Sir Giles Goosecap

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Sir Giles Goosecap is an early 17th-century stage play, a comedy first published, anonymously, in 1606. Consensus scholarship attributes the play's authorship to George Chapman.

Date, performance, publication[edit]

The play was entered into the Stationers' Register on January 10, 1606, and was published later that year in a quarto printed by John Windet for the bookseller Edward Blount. The title page of the quarto states that the play was acted by the Children of the Chapel, a production that most likely occurred in the 1601–3 period. (The Children of the Chapel were known by that name only in the company's first three years of existence, before the theatres closed in May 1603 due to an epidemic of bubonic plague. When the theatres re-opened, the company was known as the Children of the Queen's Revels or variations thereof.) The play was revived in the mid-1630s at the Salisbury Court Theatre; a second quarto followed that revival, issued in 1636 by Hugh Perry and Roger Bell.[1]

Authorship[edit]

19th-century critics noted the resemblances between Sir Giles Goosecap and Chapman's acknowledged comedies. The case for Chapman's authorship was stated persuasively by T. M. Parrott in 1906.[2] Parrott's attribution essay has come to be regarded as among the best of its kind, and its conclusion has won general acceptance; even Samuel Schoenbaum, a prominent critic of authorship studies in general, conceded that Parrott's argument was likely valid.[3]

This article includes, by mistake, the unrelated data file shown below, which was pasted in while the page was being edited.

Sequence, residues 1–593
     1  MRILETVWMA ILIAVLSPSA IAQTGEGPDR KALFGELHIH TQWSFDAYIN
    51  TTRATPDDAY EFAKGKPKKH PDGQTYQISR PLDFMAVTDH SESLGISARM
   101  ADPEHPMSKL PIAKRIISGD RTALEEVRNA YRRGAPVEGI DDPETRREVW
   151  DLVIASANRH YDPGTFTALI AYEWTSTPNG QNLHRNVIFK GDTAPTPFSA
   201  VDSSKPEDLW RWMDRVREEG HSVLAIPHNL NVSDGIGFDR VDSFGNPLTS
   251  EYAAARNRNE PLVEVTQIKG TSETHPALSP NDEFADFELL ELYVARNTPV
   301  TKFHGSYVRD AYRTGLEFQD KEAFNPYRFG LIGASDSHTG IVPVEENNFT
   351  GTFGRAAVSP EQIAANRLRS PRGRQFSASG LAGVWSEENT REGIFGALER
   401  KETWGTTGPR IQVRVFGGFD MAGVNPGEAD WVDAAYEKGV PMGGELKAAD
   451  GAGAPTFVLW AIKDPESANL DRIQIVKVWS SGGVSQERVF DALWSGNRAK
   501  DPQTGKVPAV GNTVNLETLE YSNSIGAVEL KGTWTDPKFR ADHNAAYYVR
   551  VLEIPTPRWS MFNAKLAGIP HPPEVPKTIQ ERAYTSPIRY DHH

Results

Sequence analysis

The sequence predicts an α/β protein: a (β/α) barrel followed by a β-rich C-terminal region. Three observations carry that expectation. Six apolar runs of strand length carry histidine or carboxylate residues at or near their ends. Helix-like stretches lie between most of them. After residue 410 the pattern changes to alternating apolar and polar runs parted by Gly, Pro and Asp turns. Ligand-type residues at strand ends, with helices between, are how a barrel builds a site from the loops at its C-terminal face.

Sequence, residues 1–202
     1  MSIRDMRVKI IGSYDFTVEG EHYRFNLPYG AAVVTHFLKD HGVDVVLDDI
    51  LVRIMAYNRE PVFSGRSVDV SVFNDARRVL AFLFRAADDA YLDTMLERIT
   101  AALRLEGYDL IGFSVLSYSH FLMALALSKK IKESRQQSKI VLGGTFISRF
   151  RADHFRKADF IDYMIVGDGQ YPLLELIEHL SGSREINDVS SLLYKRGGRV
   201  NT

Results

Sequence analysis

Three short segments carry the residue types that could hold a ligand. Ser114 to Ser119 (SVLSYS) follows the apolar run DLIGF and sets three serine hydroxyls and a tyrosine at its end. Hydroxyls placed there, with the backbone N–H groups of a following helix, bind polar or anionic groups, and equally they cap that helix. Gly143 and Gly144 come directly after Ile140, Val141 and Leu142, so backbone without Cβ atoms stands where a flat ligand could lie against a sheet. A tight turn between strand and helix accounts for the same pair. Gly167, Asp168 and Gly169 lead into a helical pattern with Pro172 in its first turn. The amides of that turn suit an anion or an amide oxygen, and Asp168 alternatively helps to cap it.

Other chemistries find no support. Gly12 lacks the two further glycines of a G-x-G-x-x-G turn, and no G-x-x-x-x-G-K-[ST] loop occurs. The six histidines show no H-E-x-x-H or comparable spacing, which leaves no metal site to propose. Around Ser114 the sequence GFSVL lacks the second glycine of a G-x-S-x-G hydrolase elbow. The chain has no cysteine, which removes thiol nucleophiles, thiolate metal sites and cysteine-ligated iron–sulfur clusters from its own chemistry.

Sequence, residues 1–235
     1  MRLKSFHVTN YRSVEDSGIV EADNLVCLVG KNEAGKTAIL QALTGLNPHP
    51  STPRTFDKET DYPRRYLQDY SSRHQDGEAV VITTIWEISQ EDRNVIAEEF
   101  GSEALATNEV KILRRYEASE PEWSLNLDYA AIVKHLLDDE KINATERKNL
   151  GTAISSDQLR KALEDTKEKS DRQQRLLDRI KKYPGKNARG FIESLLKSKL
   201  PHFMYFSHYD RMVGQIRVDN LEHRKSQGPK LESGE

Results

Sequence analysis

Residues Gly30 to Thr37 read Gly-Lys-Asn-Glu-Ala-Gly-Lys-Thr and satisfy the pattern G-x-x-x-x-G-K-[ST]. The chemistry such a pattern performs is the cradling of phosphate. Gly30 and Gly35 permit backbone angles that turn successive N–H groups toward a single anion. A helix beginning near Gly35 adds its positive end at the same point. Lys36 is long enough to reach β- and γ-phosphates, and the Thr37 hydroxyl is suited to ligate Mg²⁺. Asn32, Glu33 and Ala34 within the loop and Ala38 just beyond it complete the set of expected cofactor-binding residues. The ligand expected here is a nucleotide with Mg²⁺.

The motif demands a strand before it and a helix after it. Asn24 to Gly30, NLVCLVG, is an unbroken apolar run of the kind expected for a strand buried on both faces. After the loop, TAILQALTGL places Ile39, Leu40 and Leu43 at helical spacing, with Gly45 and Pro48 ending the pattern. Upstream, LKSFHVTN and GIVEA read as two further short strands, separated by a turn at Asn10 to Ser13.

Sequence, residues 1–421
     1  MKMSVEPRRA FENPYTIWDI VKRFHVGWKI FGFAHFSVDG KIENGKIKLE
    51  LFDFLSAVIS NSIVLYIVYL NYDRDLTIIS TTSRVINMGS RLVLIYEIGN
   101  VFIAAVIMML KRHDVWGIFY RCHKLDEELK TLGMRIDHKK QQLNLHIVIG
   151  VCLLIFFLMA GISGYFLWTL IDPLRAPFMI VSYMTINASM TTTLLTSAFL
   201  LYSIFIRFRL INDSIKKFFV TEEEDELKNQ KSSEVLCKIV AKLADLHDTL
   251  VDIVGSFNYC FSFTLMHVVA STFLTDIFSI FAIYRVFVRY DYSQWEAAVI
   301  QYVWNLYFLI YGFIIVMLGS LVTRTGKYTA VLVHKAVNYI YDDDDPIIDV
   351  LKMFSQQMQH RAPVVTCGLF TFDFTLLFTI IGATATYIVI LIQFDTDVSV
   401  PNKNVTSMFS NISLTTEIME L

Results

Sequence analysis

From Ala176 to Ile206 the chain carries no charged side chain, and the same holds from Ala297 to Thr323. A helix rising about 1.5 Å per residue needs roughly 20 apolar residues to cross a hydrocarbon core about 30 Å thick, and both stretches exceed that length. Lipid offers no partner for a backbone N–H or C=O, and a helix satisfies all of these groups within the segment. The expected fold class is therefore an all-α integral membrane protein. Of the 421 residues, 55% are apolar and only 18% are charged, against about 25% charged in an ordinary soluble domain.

The plot[edit]

The play centers on the melancholic poet-lover Clarence and his relationship with his mistress, the Countess Eugenia. Lord Momford, Eugenia's uncle, helps to treat and cure Clarence's depression by aiding him in the realization of his bond with Eugenia. The supporting characters conform to greater or lesser degrees to the concept of humours comedy that Chapman had introduced in his An Humorous Day's Mirth (1597); Captain Foulweather, for example, is an extreme Francophile who not only embraces French ways but rejects English manners — and English women.

Superficially, the play is a farce about "gulled knights and waggish servants," though it has also been perceived to possess deeper levels of meaning; critics have judged it a "rarefied, pedantic neo-platonic allegory" as well as "a modern dress version of the Troilus story, based primarily on Chaucer's account and on Estienne Tabourot's Les apothegmes du sieur Gaulard."[4]

References[edit]

  1. ^ E. K. Chambers, The Elizabethan Stage, 4 Volumes, Oxford, Clarendon Press, 1923; Vol. 4, pp. 15-16.
  2. ^ T. M. Parrott, "The Authorship of Sir Giles Goosecap," Modern Philology 4 (1906), pp. 25-37.
  3. ^ Samuel Schoenbaum, Internal Evidence and Elizabethan Dramatic Authorship: An Essay in Literary History and Method, Evanston, IL, Northwestern University Press, 1966; pp. 69-72 and ff.
  4. ^ Terence P. Logan and Denzell S. Smith, eds., The New Intellectuals: A Survey and Bibliography of Recent Studies in English Renaissance Drama, Lincoln, NE, University of Nebraska Press, 1977; pp. 145-6.

External links[edit]